High in the barrio

Photo from on high, kinda like a drone shot.

I climbed to the water-tank perch atop my child bride’s pastry kitchen yesterday, and my Fujifilm Finepix F850EXR tagged along. My wife and I had just returned from our morning exercise walk around the neighborhood plaza.

The guy building the home across the street, virtually single-handedly, was hard at work. His wife was assisting too. The foundation outline is complete, and some of the floor has been filled with dirt. Rebar columns soar upward. They may be hard to spot. They’ll be filled with cement. Obviously, the home will be brick. My wife and I complimented his work. I asked if they will be living there, and the answer was yes.

Coming back from the plaza, I took the following photo, not a very good one, but you get the idea. It’s our neighborhood general store, the door on the right. Mostly, we buy veggies there. It’s owned by a woman who’s the mother of the woman who lives next door to the Hacienda, the female half of the sourpuss couple. But mama’s just fine. She has one more daughter who has a severe case of Down Syndrome.

Store has no name, but everyone knows the place.

While atop the pastry kitchen, I turned 180 degrees to get a recent, aerial shot of the Hacienda. That’s how it looks in October of 2020 on a lovely autumnal day.

It ain’t Houston, Toto.

Fan palm ever higher, and monster aloe vera by bedroom is gone.

14 thoughts on “High in the barrio

  1. Thanks for the pics. It adds detail to the story. Some of the stores in the small villages in our area have no name or a sign telling you that’s what it is. There is a new bar in the village, no name, no hours of operation. Had a grand opening with a band. Don’t need a sign. Everyone knows.

    Hacienda looks good after the rainy season.


    1. Kirk: Yep, the locals often have a very different way of viewing things. The biggest problem I have encountered over the years with the lack of signs is that if you’re hunting the establishment, and it’s closed at the moment you pass by, there is no hint that it’s there. Sometimes that is very annoying, and not too bright on the business owner’s part.

      As for the Hacienda, it’s nice and green. Next May it will be nice and brown.


  2. Names. I once asked a neighbor what his dog’s name was. He looked at me quizzically and responded: “El perro.” When I told him northerners give names to their dogs, he looked disbelieving with that “crazy gringos” squint as if to say: “Who would name a dog?” I suppose it is the same with shops. Most of ours here have names painted on the wall or on signs, though it is often difficult to decipher which word actually applies to the shop. Not that it really matters.

    Thanks for the wide shot of the hacienda. It reminds me that I almost ended up living in your area. As beautiful as it is, I think I made the right choice — even with our northern tourist population that loves to change things. And name dogs.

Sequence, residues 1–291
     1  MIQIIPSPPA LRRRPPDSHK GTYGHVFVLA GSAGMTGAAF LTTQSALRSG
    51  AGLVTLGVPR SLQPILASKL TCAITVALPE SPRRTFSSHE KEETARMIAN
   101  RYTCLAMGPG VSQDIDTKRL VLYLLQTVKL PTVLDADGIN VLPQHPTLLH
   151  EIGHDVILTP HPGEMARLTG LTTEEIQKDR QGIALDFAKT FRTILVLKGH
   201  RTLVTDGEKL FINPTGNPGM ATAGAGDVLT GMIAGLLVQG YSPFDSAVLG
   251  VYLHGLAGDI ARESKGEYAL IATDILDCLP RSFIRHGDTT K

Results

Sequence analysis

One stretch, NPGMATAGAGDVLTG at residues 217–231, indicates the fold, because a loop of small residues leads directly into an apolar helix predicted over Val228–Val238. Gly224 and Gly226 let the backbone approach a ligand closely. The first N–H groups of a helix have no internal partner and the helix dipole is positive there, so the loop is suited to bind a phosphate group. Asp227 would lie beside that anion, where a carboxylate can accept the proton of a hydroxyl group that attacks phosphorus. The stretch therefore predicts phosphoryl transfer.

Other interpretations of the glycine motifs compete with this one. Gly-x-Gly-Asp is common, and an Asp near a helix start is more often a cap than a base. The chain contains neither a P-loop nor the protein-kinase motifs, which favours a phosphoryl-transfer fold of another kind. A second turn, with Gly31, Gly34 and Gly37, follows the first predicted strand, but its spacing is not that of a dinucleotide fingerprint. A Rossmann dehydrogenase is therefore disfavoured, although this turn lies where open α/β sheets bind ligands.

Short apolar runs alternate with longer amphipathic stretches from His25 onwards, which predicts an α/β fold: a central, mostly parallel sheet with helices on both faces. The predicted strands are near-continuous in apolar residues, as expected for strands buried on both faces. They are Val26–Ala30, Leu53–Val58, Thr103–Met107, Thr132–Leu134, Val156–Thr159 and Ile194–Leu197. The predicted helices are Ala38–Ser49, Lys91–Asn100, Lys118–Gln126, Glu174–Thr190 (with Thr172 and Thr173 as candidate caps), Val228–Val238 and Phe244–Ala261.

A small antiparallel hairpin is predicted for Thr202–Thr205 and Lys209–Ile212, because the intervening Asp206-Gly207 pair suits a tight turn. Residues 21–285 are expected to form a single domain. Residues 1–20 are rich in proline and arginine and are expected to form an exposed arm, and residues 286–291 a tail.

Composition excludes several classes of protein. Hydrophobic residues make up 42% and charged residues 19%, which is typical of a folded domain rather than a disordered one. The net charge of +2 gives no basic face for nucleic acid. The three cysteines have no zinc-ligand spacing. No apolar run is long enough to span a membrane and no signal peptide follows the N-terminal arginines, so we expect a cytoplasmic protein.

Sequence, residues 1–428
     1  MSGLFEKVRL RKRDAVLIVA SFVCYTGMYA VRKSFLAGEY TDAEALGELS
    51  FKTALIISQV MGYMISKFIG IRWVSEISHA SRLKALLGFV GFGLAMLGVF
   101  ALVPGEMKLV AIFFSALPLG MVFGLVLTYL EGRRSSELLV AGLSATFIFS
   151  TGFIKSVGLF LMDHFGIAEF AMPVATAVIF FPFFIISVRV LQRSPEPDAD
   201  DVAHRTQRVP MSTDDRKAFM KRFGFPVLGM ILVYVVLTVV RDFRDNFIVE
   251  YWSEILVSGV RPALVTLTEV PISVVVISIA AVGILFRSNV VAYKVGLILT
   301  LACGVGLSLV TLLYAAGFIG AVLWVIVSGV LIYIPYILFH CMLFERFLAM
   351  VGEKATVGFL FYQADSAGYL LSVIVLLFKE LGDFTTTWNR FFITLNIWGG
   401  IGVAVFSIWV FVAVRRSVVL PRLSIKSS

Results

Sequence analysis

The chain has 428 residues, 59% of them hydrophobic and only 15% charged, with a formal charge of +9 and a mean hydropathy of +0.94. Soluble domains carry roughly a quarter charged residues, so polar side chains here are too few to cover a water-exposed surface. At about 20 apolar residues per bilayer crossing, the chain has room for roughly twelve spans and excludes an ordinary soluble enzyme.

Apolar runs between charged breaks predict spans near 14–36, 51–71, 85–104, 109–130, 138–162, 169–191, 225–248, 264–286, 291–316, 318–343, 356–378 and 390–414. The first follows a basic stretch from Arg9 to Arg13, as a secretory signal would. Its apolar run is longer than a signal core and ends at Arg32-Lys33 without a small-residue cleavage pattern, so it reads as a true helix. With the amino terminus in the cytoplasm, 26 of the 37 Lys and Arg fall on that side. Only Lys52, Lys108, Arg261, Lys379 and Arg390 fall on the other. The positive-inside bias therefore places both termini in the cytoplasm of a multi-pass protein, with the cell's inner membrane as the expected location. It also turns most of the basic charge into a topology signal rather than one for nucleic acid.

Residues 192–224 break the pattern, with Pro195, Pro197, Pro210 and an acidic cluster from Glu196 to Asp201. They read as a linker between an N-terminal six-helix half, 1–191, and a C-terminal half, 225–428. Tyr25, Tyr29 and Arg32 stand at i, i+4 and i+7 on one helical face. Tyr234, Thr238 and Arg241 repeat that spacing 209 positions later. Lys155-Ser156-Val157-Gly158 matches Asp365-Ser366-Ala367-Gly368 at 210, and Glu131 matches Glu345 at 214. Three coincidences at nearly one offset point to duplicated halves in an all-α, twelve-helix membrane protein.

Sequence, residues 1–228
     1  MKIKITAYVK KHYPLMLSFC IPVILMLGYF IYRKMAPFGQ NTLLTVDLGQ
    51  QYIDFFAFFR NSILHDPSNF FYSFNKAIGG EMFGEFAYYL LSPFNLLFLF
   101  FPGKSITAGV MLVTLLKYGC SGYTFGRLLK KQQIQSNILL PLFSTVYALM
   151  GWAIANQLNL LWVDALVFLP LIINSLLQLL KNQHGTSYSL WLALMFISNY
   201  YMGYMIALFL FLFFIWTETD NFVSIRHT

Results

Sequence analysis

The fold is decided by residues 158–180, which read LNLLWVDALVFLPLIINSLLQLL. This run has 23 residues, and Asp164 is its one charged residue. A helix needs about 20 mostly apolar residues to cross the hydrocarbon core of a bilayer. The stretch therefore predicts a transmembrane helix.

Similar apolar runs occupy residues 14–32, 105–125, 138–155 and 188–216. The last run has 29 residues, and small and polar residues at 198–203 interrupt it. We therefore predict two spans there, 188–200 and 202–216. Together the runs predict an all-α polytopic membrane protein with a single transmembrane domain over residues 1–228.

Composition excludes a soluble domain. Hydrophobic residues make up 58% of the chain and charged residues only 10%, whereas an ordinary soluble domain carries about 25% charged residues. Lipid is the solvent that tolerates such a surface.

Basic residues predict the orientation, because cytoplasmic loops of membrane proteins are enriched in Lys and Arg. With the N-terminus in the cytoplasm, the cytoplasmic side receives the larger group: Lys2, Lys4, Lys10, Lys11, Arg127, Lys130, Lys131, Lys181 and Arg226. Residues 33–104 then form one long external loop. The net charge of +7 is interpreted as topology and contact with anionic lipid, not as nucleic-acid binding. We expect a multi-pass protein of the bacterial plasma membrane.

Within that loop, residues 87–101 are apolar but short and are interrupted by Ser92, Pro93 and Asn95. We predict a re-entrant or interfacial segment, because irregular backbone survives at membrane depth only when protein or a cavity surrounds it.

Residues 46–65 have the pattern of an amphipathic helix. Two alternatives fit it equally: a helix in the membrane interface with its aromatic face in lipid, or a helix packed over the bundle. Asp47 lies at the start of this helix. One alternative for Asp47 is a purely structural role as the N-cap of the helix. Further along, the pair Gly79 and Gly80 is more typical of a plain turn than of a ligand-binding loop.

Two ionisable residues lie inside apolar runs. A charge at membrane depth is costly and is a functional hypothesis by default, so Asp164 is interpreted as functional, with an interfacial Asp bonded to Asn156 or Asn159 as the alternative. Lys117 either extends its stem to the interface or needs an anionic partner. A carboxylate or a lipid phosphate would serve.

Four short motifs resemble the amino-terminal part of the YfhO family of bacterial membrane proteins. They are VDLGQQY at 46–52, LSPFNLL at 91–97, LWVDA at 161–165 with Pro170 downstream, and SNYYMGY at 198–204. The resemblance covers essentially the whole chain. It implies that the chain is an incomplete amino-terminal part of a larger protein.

1. Señor Cotton: I did not know that (some) Mexicans view dog-naming that way. All don’t because my sister-in-law’s two dogs have names in spite of their being very badly behaved dogs. That’s not their fault, of course.

      You think you made the right choice about where you live? Do forgive, but I am skeptical that you believe that. But I’ll play along. Keep in mind, however, that you always have the option to do the right thing. Sell Casa Cotton and move to a nice area where there are stores, theaters, banks, good weather, cultural activities, etc., etc., etc.

      We await you.


  3. That is an interesting comment on naming dogs. The poster may not have seen the recent hit movie Coco where Dante the Xolo was almost always at Miguelito’s side.

    He appears to also be unaware of the generic name all Mexicans use for any and all street dogs, “Firulais.” A name made popular by the famous clown Federico Ochoa.

    Then there was “el Satanás” who belonged to “la Bruja del 71” of the iconic TV series “el Chavo del 8.”

    But regardless of those examples, the simple fact is Mexicans most definitely are fond of naming their mascots, be they dogs, cats or even at times farm animals such as Pancho Villa’s horse “7 Leguas”.


    1. Antonio: Thanks for the clarification. Though I have lived in Mexico more than 20 years, I confess I pay little attention to popular culture here, especially the clown shows that are so popular with Latinos. I’ll bet my wife knows about the pooches you mention. In my defense, however, a little internet sleuthing reveals that, for example, El Chavo del 8 ended in 1980, long before I crossed the border. I did see Coco, however, not once but twice. Absolutely loved it. And while I did not know Pancho Villa’s horse was named Seven Leguas, I do recall the name of the Lone Ranger’s ride, Silver, as in “Hi, Ho, Silver!”

      Again, thanks for the update.


  4. Builder Bob has a huge job ahead of him. I wonder about how he will handle the altitude when he needs to climb. A good neighbor for you in the making.


      1. Did you have a senior moment and forget your builder neighbor? I nicknamed him Builder Bob who you wouldn’t know unless you read Builder Bob kid stories so titled.


          1. Altitude on rungs of a ladder. Older people tend to get unstable on higher higher rungs of a ladder.


  5. Felipe, never figured you to be one for “self-aggrandizement.” Just noticed your personal statue under the arch at the Hacienda! Cheers!


    1. Dan: You have a very sharp eye. But yes, I self-aggrandize shamelessly. Actually, a guy at a muffler shop made that thing to put outside his shop, and I bought it from him about 15 years ago.


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